In our previous article, we took look at how to install Apache HTTP Web Server on Ubuntu 20.04 LTS In this guide we will learn how to configure Apache Virtual Host to host several domains. When using the Apache web server, you can use virtual hosts (referred to as server blocks in Nginx) to hold the configuration files and run more than one domain from a single server. We will set up a domain called techdirectarchive_com but you will have to replace this with your own domain name.
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On Ubuntu 20.04, Apache has only one server block enabled by default, which is set to serve contents from the
From the above, we will not change anything in this directory
/var/www/html, instead we will create a new directory structure within
techdirectarchive_com domain, leaving the
/var/www/html intact as the default directory to be served if a client request doesn’t match any other sites.
To have a hands-on experience and follow along in this session, you need to have Ubuntu 20.04 LTS installed on your system with a regular user or non-root user with
Sudo privileges configured on your server. You will also need a registered domain name from an authorized domain name registrar. While registering a domain name is not compulsory, especially if you’re just configuring Apache Virtual Host for a test or demo purpose, it is compulsory if you’re configuring it for a real-time or production environment. You can purchase a domain from Namecheap, Godaddy or any other domain and hosting company known to you. You should also ensure that basic firewall rules to block non-essential ports are properly configured on your server.
Once the above prerequisites are in place, sign in to your system to begin.
Step 1- Create New Directory
Let’s create the directory for
techdirectarchive_com as follows:
sudo mkdir /var/www/techdirectarchive_com
Next, you need to assign ownership of the directory with the
$USER environment variable:
sudo chown -R $User:$User /var/www/techdirectarchive_com
If you haven’t changed your
umask setting, which determines default file permissions, the permissions of your web roots should be correct. Run the command below to confirm that your permissions are right, allowing the owner to read, write, and execute files while only read and execute permissions are allowed to groups and others:
sudo chmod 755 -R /var/www/techdirectarchive_com
The next thing is to create a sample index.html page using nano or any of your favourite editors, you can run something similar to this:
sudo nano /var/www/techdirectarchive_com/index.html
Save and close the file when you are done.
For Apache to serve this content, it’s necessary to create a virtual host file with the correct directives. Instead of altering the default configuration file located at
/etc/apache2/sites-available/000-default.conf directly, we will make a new one at
/etc/apache2/sites-available/techda.com.conf with this command:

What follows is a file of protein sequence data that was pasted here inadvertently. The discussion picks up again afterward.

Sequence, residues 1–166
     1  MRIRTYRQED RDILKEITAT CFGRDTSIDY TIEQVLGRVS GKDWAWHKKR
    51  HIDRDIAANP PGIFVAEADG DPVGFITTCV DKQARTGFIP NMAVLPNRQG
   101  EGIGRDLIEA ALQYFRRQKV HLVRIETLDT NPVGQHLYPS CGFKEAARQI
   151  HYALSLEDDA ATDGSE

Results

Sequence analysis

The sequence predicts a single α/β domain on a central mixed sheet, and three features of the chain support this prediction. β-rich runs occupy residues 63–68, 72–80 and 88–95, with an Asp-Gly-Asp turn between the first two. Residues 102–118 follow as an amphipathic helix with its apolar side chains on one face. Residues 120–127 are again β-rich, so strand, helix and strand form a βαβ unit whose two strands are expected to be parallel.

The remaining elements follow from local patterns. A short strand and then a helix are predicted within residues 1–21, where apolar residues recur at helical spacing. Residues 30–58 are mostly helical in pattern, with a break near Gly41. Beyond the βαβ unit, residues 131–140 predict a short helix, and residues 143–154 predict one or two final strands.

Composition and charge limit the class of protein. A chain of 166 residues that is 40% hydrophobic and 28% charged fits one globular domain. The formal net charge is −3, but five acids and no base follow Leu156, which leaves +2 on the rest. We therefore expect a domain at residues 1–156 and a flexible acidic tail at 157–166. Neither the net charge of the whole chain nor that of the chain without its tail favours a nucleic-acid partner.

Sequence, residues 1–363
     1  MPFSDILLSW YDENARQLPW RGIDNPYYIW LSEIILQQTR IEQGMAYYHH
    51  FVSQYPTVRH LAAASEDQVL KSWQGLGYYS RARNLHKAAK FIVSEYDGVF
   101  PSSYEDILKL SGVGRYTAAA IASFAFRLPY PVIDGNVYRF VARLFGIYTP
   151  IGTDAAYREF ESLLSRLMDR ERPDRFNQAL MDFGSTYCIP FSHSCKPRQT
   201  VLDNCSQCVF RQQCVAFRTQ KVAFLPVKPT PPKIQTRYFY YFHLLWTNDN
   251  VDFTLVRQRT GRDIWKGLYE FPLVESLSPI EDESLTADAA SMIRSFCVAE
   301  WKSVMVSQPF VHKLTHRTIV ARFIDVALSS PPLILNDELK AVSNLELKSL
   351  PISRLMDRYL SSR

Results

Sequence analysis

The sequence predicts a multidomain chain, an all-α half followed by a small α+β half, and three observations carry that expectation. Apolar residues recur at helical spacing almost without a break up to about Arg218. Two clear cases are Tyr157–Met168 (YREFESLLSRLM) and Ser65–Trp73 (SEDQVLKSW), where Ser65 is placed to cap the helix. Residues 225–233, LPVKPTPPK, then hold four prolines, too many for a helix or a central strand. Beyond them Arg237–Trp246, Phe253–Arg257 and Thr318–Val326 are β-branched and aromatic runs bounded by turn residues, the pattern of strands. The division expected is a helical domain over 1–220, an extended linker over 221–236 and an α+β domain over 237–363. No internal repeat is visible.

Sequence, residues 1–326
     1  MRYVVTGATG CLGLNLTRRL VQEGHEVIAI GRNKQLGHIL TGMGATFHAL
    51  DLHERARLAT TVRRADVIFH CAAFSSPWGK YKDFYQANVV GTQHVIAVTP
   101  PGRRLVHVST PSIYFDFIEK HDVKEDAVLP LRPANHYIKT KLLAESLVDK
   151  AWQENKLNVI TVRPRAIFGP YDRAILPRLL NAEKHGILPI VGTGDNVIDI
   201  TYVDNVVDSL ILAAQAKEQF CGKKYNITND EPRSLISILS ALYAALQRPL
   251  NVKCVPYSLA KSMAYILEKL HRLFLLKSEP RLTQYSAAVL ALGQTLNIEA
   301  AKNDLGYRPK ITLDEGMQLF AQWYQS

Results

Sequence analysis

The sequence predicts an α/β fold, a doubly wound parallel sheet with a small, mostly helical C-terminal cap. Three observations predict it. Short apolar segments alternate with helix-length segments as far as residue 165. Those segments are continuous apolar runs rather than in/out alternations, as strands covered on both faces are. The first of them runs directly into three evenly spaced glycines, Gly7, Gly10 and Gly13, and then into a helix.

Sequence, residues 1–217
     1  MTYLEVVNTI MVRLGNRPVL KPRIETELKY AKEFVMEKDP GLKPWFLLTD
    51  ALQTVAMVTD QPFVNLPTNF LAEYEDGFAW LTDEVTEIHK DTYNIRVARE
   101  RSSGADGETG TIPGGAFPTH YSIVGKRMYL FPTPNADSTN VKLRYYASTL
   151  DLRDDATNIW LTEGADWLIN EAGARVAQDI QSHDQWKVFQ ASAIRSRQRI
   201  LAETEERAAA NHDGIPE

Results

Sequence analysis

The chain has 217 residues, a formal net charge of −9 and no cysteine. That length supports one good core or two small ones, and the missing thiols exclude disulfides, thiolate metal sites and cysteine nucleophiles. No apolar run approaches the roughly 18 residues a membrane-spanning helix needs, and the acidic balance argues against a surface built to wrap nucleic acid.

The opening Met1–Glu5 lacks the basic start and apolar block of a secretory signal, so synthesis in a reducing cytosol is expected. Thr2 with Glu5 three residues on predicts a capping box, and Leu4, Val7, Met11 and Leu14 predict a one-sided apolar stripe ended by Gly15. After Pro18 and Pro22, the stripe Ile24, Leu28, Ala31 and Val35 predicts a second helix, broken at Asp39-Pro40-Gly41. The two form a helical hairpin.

sudo nano /etc/apache2/sites-available/techdirectarchive_com.conf
As shown in the screenshot below, create a configuration block, which is similar to the default Apache configuration block but adjusted for our new directory and domain name. Remember to use your own domain name instead of the generic one used here. When you’re finished, save and close the file.
We’ve changed the DocumentRoot to our new directory and the ServerAdmin to an email address that the techdirectarchive_com site administrator can access. We’ve also added two directives: ServerName, which specifies the base domain that this virtual host definition should match, and ServerAlias, which specifies additional names that should match as if they were the base name.
When you’re finished, save and close the file
Next, let’s enable the file with the a2ensite tool, run this:
sudo a2ensite techdirectarchive_com.conf
You will be required to restart Apache in order to activate the new configuration after enabling the a2ensite utility for your domain. Ignore the prompt until you’ve finished everything, then restart the server immediately.
Disable the default site defined in 000-default.conf:
sudo a2dissite 000-default.conf
It’s time, to test for configuration errors by running:
sudo apache2ctl configtest
Testing for configuration errors should return “Syntax Ok” as an output:
Restart Apache to implement your changes:
sudo systemctl restart apache2
Apache should now be serving your domain name. You can test this by navigating to http://yourdomainname.com, where you should see something like this:
To add another domain name go ahead and repeat the steps by creating another directory in
/var/www and configuring all others steps.
Congrats, you can now host several domains on the Apache Web Server instead of the usual one single directory
/var/www/html provided for hosting a single domain by default.